Republished from UNICEF
Photo: Students make their way to school after heavy floods in Bogra, Bangladesh. Photo: Unicef/2014/Paul
By Joni Pegram
Today, world leaders will gather in New York to sign the Paris Climate Agreement, the international environmental accord that was finally secured following intense negotiations between every country in the world at COP21 last December. The signing ceremony marks the first step towards ensuring that the Agreement can enter into force as early as possible.
In an historic breakthrough in global efforts to address climate change, every country in the world has pledged their commitment to reduce greenhouse gas emissions and to start adapting to impacts such as rising seas and more extreme weather. Countries have also pledged that the actions they take will respect and promote human rights, including the rights of children and other vulnerable groups such as indigenous peoples and migrants. This commitment goes to the heart of ensuring climate justice for the poorest and most vulnerable children and communities around the world.
There is no doubt that children, particularly those affected by poverty, bear the brunt of climate change impacts, including increasingly frequent and dangerous droughts, flooding, heatwaves and other extreme weather events. From malnutrition and the spread of vector- and water-borne diseases, to physical and psychological trauma during and after severe weather events, children are affected in different ways, and more profoundly, than the population as a whole. These impacts can have life-long and irreversible consequences.
In turn, these impacts further undermine communities’ ability to escape poverty, rolling back precious and hard-won development gains. Yet these vulnerable children and families are too often forgotten when it comes to drawing up the policies, programmes and investments required to tackle climate change. Their voices are not heard in these processes, leading to missed opportunities to capture their perspectives and design policies that address their rights and needs.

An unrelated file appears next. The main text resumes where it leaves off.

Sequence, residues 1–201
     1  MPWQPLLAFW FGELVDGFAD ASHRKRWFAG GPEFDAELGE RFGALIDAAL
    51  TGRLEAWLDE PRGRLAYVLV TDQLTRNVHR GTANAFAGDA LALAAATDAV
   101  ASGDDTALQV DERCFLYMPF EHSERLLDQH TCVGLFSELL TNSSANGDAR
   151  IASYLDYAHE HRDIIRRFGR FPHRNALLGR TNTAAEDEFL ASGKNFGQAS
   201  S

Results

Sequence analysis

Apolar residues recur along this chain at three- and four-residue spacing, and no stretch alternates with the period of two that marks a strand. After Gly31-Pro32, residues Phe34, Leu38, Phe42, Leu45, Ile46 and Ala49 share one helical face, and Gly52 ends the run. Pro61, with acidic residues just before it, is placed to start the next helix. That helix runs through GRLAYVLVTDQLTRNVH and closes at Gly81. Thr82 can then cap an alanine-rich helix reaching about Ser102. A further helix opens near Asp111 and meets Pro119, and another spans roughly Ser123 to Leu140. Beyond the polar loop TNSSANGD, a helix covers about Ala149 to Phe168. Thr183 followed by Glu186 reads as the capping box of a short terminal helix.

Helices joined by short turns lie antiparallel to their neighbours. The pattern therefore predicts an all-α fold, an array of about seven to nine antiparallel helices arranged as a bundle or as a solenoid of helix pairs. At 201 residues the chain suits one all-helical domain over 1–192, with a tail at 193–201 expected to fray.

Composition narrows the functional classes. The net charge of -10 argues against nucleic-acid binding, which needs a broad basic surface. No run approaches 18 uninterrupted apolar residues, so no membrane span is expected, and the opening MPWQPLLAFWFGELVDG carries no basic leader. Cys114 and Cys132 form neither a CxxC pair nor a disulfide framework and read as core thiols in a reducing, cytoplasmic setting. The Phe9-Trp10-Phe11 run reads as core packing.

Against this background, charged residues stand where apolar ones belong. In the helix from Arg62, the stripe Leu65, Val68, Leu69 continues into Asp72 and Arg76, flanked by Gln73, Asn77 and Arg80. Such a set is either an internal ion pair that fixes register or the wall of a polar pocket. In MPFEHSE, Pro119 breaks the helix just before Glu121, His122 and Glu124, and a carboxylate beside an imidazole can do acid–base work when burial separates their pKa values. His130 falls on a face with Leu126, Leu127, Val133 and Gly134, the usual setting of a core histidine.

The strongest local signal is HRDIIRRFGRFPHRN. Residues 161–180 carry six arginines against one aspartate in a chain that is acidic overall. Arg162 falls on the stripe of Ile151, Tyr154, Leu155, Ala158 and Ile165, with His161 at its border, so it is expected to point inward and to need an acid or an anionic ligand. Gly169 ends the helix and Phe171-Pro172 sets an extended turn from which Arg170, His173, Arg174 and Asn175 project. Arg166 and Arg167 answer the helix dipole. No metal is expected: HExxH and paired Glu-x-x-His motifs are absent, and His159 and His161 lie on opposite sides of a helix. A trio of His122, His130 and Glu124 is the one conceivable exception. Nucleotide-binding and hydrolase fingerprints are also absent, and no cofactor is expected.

We are working hard to address this. When leaders convene for the signing ceremony, they will be greeted by children forming a live #ClimateChain, along with images of hundreds of children from around the world linking hands in a virtual chain, urging them to uphold their commitments.
While signature of the Agreement represents an important political milestone on the road from agreement to implementation, the real litmus test will come with domestic action. Swift ratification must follow by the UK and other Governments – the Paris Agreement will only formally enter into force when at least 55 countries representing at least 55 percent of global emissions ratify it at the domestic level. As global temperatures continue to shatter records, delay is not an option. If the UK Government and other countries are serious about protecting children and future generations from the worst effects of climate change, then they must place their rights at the front and centre of sustainable, low-carbon action, at home and abroad. That will mean clear steps to:
- Urgently ramp up the level of ambition set out in national climate change plans under the Paris Agreement
- Integrate these with efforts to deliver the universal Sustainable Development Goals agreed by all nations in September 2015
- Adopt robust safeguards to ensure that climate change measures do not inadvertently undermine the rights of children that they seek to protect.
Finally, and perhaps most importantly, safeguarding children’s rights will entail a commitment to provide them with the tools and information they require to protect themselves and to participate meaningfully in these decision-making processes.